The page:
With the discovery of the Higgs boson, a number of wishful thinkers have gotten rather giddy over the supposed religious implications of the finding.
The biggest news in the scientific community in decades has been doing the rounds over the last few weeks: The elusive Higgs boson, dubbed the “God particle,” has (probably) been detected by the team of physicists at CERN, the European Organisation for Nuclear Research. Although the scientists are still careful to call the findings “preliminary” and not get carried away, the air of excitement is hard not to detect (certainly easier to detect than the Higgs boson!). It’s quite the breakthrough, and you can read the CERN press release on the discovery here. However, on a number of internet message boards and blogs, the view has broken out that now we have a “God particle,” we’ve got more reason to doubt that we need a God who created and sustains the universe. Why are people saying this? The short answer, unfortunately, is firstly that a lot of people haven’t the faintest idea of what the discovery at CERN shows us, secondly that a lot of people who – as far as they are concerned – already know with certitude that there’s no God will pounce on virtually any discovery and claim it as proof that they were right all along, quote regardless of the facts, and thirdly that those who make this enthusiastic claim have little or no understanding of what Christian thinkers actually believe God’s role in the existence of the universe even is.
I’ll start with the last issue. What exactly do Christian thinkers have to say about God’s role in the existence of the universe that is relevant here. Specifically, there are two sorts of claims. First there’s the more general claim that God is the reason that there’s something rather than nothing, in answer to that famous question attributed to Gottfried Leibniz (“Why is there something rather than nothing?”). This is the issue of contingency. It’s possible, surely, for there to be nothing. After all, there already is! As you would have learned as a child in maths class, “the empty set is the subset of every set.” But why is there anything other than the empty set? Anything that exists either does so necessarily, or else it does so because of some cause; there’s a reason why it exists. What about the Universe? Here Christian thinkers over the centuries have spoken of God as creator, not in the sense of an initial moment of creating, but instead of continually doing so by holding the universe in existence.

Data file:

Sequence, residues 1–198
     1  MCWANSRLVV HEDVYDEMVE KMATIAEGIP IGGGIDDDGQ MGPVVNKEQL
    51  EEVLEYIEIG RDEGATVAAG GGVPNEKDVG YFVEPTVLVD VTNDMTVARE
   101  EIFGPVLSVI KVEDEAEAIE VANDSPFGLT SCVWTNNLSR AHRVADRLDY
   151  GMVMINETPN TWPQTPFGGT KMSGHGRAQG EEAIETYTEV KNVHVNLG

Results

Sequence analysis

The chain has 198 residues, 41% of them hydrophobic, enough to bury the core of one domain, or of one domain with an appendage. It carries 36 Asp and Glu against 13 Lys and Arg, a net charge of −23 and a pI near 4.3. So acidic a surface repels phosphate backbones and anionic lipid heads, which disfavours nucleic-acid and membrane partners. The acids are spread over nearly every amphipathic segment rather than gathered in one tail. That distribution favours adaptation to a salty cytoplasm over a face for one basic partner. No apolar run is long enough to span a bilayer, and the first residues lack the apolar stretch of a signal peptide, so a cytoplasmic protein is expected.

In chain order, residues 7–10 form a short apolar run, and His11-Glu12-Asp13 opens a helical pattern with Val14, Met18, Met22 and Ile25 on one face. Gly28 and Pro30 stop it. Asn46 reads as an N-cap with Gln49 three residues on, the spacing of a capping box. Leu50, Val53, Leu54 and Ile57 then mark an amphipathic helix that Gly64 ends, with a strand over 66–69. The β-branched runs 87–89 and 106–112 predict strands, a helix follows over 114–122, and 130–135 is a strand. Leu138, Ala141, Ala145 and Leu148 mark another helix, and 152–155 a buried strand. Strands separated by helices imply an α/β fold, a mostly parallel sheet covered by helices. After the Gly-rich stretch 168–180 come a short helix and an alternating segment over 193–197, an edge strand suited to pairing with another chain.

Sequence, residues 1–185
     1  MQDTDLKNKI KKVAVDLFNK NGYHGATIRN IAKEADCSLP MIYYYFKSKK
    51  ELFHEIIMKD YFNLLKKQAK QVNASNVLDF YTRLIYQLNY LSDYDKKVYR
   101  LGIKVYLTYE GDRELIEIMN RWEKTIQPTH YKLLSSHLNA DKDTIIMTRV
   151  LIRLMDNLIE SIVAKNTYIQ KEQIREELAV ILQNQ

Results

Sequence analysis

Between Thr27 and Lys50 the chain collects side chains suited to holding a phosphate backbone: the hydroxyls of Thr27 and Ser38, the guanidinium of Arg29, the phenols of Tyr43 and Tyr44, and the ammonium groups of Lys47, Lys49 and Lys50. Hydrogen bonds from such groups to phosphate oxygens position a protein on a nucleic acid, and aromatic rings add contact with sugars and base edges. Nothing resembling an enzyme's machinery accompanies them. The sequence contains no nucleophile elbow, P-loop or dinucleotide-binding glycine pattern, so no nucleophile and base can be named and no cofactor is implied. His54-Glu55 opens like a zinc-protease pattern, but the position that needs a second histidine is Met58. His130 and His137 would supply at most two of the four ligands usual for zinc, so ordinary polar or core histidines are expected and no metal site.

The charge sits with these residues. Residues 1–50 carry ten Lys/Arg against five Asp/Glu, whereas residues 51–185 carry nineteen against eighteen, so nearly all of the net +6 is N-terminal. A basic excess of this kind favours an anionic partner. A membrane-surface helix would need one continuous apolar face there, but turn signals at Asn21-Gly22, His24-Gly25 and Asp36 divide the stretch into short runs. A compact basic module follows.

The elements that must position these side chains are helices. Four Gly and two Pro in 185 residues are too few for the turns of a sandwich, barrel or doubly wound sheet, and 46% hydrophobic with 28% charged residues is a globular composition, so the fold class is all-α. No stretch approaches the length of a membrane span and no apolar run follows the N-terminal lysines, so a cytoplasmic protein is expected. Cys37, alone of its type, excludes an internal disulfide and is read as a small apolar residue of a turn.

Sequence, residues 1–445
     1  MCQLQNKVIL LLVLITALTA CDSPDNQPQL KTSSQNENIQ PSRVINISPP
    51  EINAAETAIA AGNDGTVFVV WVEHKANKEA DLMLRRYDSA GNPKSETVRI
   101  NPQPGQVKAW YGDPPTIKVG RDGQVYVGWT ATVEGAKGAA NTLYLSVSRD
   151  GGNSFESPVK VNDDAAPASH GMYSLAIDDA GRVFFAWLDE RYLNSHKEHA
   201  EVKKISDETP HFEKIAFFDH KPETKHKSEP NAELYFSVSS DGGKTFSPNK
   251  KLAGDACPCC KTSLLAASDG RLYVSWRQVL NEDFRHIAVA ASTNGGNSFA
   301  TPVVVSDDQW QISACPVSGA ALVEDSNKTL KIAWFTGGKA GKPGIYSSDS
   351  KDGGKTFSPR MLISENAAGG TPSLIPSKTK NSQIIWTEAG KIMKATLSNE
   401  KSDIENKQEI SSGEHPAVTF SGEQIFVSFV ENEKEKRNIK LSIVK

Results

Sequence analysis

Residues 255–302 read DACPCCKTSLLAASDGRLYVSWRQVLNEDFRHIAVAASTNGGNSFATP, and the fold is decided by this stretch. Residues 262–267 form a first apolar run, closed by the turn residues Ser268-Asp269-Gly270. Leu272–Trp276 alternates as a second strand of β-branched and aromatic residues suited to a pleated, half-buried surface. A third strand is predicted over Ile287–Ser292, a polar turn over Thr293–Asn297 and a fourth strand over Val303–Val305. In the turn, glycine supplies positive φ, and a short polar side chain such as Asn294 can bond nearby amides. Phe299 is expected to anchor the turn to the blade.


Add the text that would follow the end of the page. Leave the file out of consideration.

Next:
Secondly there’s a more specific argument that Christian thinkers have drawn on, namely the “first cause” version of the cosmological argument. Of course Christians haven’t been the only ones to think about this. In fact one of the more influential versions of the argument, the kalam cosmological argument, was developed by the Muslim philosophy Al-Ghazali (Ab? ??med Mu?ammad ibn Mu?ammad al-Ghaz?l?, to be precise!). Here the idea is that anything that has a beginning to its existence also has a cause of its existence, and since the Universe had a beginning to its existence, it too had a cause. As the beginning of the universe was the beginning of space and time, the cause of its existence had to be something non-material (i.e. spaceless) and in some fundamental sense timeless. This first cause, no surprises, is God. Far from being the kind of argument that would just fade away as science advanced, the twentieth century saw dramatic confirmation of one of the central claims of the kalam argument: The universe did indeed have a beginning in the finite past.
OK, so back to the Higgs boson. The discovery of the particle is further confirmation of the “Standard Model” of particles and forces, developed in the 1970s. In brief, and that’s all I can offer as a layperson depending on information presented to the public by the experts:
The Standard Model includes the electromagnetic, strong and weak forces and all their carrier particles, and explains extremely well how these forces act on all the matter particles. However, the most familiar force in our everyday lives, gravity, is not part of the Standard Model. In fact, fitting gravity comfortably into the framework has proved to be a difficult challenge. The quantum theory used to describe the micro world, and the general theory of relativity used to describe the macro world, are like two children who refuse to play nicely together. No one has managed to make the two mathematically compatible in the context of the Standard Model. But luckily for particle physics, when it comes to the minuscule scale of particles, the effect of gravity is so weak as to be negligible. Only when we have matter in bulk, such as in ourselves or in planets, does the effect of gravity dominate. So the Standard Model still works well despite its reluctant exclusion of one of the fundamental forces.
So while the standard model has worked well in describing the electromagnetic, strong and weak forces, it hasn’t yet come up with a way to describe how things have mass at a fundamental level. As the CERN website explains: